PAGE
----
Facebook Wants To Sell Your Emotions

Facebook’s annual developer conference, F8, showcased the multitude of new products the social media company plans to roll out over the course of the next year. Staying on-track with its quest to dominate over all in the technology industry, new bot features in Messenger and an updated version of the AI assistant M aim to make Facebook your go-to for all things communication. The common thread among all of Facebook’s newest products, however, was the intensive focus on augmented reality (AR). As Wired claims, “the camera is now the most important thing on your phone. Sharing photos and videos with your friends will continue to be huge, sure. But soon the camera will begin powering new augmented reality experiences inside Facebook. You’ll get games and photo filters, and your surroundings will soon be awash in playful and informational metadata that you can only see by lifting up your handset, opening the Facebook app, and viewing the world through the camera.”


AR and VR (virtual reality) are buzzwords thrown around often in tech, particularly when applied to gaming systems like Playstation. They’ve been in commercial use for a while, but the technologies haven’t really taken off in the way the tech industry had predicted…. yet. Facebook’s latest offerings of products subtly integrate AR and VR into the way we communicate, ranging from the gimmicky VR-centric Facebook Spaces to the already popular Snapchat-esque Frame Store app. However, it’s the way in which Facebook is creating a new kind of usability with AR that could be exciting—or frightening. Similar to Pokemon Go, the 2016 AR smartphone game that sparked a nationwide obsession, Facebook’s new tools will allow users to “place virtual objects into the real world when you view your surroundings through your phone. Leave messages on the fridge for your spouse, or tag businesses with floating notes and tips written on walls. We’ll get AR games that incorporate real-world objects thanks to a technology called “SLAM” (simultaneous localization and mapping) that lays a 3-D grid over the table in front of you, turning it into a gameboard. Also, we’ll get AR art, pieces only viewable through your phone.” While these features might be convenient, it begs the question: how does Facebook intend to use all this new, AR-generated data?


The best guess is simple: Facebook, like many other technology companies, wants to track far more than just your location data. It wants to profit off of your emotional data.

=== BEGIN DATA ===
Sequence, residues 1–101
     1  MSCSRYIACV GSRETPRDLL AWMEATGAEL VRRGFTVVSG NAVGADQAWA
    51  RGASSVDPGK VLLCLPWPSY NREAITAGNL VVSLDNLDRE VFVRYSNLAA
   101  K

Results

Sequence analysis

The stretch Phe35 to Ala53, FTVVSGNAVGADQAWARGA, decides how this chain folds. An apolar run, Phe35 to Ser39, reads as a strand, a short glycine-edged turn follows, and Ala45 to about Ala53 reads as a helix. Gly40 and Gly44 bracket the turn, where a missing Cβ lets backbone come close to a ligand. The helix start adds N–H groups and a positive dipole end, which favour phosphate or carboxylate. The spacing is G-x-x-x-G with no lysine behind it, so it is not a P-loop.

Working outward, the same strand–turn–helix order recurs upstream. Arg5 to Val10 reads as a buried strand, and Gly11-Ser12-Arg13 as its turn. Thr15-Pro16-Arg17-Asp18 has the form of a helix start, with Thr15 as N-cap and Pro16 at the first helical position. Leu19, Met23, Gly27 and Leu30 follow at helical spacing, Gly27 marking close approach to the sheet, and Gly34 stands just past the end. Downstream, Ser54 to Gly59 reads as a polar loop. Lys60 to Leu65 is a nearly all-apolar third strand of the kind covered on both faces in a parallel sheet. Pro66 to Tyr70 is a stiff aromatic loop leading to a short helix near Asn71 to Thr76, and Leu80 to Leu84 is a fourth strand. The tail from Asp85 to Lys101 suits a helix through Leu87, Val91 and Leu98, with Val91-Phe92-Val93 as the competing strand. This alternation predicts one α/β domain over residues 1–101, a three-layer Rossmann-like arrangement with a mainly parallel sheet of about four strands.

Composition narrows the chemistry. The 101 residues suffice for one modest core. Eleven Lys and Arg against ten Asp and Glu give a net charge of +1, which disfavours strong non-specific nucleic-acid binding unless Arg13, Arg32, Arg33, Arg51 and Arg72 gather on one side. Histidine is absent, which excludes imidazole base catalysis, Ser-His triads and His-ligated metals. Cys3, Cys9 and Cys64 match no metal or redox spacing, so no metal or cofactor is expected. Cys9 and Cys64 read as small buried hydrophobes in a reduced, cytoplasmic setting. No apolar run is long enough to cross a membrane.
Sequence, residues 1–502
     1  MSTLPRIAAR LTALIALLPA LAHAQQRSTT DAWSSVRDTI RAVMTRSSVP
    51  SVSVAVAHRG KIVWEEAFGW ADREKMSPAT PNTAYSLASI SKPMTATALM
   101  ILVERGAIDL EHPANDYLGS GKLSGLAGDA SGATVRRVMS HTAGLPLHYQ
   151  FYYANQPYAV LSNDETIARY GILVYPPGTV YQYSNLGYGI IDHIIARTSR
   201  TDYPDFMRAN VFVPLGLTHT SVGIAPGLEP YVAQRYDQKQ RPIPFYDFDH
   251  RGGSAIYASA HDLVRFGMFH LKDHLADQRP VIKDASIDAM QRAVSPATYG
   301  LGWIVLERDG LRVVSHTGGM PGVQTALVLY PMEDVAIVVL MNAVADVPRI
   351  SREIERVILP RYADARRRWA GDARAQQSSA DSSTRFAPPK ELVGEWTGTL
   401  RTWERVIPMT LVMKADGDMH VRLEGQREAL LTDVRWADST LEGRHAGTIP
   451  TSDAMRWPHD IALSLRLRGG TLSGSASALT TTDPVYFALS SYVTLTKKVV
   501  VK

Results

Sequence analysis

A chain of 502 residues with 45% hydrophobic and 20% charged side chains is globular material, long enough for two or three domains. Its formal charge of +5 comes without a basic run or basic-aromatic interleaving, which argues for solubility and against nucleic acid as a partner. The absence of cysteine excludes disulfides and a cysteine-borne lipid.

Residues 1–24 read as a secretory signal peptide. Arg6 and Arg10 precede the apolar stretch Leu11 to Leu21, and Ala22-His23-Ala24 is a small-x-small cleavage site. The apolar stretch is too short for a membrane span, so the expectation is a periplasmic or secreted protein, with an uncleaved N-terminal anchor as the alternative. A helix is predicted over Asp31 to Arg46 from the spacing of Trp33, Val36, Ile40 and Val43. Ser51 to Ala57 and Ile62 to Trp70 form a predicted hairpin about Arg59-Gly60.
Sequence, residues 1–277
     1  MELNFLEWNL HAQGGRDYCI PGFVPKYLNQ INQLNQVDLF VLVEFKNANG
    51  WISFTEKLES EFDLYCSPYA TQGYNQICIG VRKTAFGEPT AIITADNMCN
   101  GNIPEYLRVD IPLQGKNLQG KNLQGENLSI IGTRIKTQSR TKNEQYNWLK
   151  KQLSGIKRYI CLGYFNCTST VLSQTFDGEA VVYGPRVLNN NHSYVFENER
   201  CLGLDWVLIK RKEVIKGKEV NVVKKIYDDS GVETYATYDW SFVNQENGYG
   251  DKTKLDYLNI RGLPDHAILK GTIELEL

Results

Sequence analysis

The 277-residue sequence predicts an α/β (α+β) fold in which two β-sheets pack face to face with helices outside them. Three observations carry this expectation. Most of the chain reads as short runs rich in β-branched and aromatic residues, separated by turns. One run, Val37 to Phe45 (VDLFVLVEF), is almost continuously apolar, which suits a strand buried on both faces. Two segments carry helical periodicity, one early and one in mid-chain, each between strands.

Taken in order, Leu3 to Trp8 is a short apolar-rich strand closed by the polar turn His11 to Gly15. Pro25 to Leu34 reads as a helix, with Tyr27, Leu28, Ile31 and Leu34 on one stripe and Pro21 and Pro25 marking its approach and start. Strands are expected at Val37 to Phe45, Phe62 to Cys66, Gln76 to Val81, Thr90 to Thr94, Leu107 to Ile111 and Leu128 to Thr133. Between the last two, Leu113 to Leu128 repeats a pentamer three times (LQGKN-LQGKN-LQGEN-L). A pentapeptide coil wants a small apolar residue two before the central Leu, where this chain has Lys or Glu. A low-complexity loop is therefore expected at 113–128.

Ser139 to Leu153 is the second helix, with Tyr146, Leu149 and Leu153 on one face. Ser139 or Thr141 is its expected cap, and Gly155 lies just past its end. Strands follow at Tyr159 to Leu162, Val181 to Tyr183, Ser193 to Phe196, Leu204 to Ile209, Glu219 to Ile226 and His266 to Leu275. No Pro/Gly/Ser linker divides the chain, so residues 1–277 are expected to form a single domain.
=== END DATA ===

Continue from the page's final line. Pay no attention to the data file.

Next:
Emotion tracking in advertising isn’t a new concept; Apple’s acquisition of the emotion-tracking technology Emotient went under the radar last year, and companies such as Procter & Gamble are tracking emotion data through Realeyes. Facebook has even indicated well before F8 that it wants to use AI to analyze your photos and videos, in an effort to better understand what ads you might engage with. But teaching technology to have empathy, and using that empathy to sell, is the next great frontier in targeted advertising. Facebook makes a profit off of the user data it generates, so it would only make sense to continue invading user privacy in order to sell their emotions. Take a look at Facebook’s privacy policy sometime—you might be horrified by how much information you agree to handing off to them. For free.


A recent rollback of Internet privacy laws by Republican lawmakers isn’t a great sign, especially when partnered with Facebook’s latest data-gathering techniques. Trump’s signing of a bill that strips the Federal Communications Committee’s online privacy regulation is cause for concern; without regulation, “we're building an internet that senses, thinks, and acts. We're building a world-size robot, and we don't even realize it.


Unless you want to go completely off the grid, it’s unavoidable to have your data tracked by whatever social media platform you use—and even if you did disappear into the ether, there are still surveillance cameras that track and store your facial image in their database. Facebook will continue to serve as a disrupter in the technology industry, and we will adapt. With a lack of foreseeable online privacy regulatory action, these new tools are indicative of the ethical dilemma in technical innovation: we’re creating a more convenient and innovative way to communicate, but at what cost? 

Words: Staley Sharples